Stonemason says he is working ‘flat out’ to finish the project in time for papal Mass at Bellahouston Park

A Scottish stonemason is putting the finishing touches to the chair, altar and lectern to be used by Pope Benedict XVI at the Mass at Bellahouston Park.

Neil Reid, who has been building church altars for 18 years, said he was working “flat out” to make sure the project was completed in time.

The structures are made out of marble and were designed in 3D with the help of computer experts at Strathclyde University.

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They are likely to be compared with the papal chair, altar and lectern (or ambo) made in wood for the Cofton Park Mass by teachers in Coventry.

Mr Reid, of Reid Carrara Ltd, served his apprenticeship under Tom MacMillan, who built the altar for John Paul II’s visit in 1982.

He said: “It is a real privilege to be asked by the Church to do this job. I’m really flattered that after seeing my previous work they trusted me with such an important task. I’ve been making altars for churches for 18 years now but this is the big one.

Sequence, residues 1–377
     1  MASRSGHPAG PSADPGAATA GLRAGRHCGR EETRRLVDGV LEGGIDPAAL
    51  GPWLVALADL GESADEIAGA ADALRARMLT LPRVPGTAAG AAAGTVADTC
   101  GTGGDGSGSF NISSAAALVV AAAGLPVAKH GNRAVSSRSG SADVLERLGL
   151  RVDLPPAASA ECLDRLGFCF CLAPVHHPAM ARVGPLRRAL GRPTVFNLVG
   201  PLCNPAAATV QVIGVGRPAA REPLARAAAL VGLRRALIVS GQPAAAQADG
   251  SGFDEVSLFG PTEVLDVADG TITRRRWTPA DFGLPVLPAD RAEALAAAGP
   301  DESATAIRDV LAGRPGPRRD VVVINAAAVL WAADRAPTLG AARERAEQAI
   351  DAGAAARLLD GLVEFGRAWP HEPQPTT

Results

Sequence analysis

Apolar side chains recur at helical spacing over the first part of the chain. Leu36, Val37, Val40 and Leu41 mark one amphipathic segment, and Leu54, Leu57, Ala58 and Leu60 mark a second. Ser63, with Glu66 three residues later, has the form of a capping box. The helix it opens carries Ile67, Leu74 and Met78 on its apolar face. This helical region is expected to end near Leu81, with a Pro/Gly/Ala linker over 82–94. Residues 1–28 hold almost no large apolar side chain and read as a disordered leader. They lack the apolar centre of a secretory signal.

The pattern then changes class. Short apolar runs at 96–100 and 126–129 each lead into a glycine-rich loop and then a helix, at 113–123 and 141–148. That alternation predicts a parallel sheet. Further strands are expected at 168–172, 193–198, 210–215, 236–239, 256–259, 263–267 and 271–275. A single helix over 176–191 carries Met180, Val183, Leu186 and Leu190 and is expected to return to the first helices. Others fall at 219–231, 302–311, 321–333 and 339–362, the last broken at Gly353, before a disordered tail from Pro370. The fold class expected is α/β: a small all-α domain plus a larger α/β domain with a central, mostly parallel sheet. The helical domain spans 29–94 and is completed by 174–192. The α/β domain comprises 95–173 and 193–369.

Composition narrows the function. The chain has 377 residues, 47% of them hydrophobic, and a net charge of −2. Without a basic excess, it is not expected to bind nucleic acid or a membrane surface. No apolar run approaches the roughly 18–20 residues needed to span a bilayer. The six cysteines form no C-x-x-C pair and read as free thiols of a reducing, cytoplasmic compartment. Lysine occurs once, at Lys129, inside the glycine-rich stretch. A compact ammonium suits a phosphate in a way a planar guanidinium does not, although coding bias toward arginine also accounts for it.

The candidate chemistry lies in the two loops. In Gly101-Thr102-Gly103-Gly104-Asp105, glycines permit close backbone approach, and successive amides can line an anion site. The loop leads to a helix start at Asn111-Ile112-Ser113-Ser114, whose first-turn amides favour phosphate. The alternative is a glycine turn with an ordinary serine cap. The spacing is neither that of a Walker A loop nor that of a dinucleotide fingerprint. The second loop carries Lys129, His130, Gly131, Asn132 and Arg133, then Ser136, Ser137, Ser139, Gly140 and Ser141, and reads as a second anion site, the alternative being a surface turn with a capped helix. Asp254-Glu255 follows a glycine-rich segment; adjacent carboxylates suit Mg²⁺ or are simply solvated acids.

“I’m pernickety,” he said. “Everything has to be just right, but I’m like that whether I’m doing a piece for a parish priest, Mrs Smith from around the corner or the Pope.

“I can picture the altar in my head already but I can’t wait to get it finished and see it being used by the Pope at Bellahouston.”

Artist Niamh Quail, from Glasgow, was given six weeks to complete the design. She said: “I was told to design a chair and that was about it. I wanted to keep it simple but also to have a Scottish and religious aspect to it as well.

“The design is Celtic, incorporating a cross, within each of the four arms are three interwoven leafs representing the Holy Trinity, with the entire design having no beginning nor end.”

“Normally I would have one-dimensional sketches but with the CAD [computer aided design] we were able to make 3D models of the chair, altar and lectern together. It was great to see them like that and we were even able to put a model of the Pope in there too.

“When the Vatican saw the models and all the work that had gone into it they were really confident in what we were doing.”

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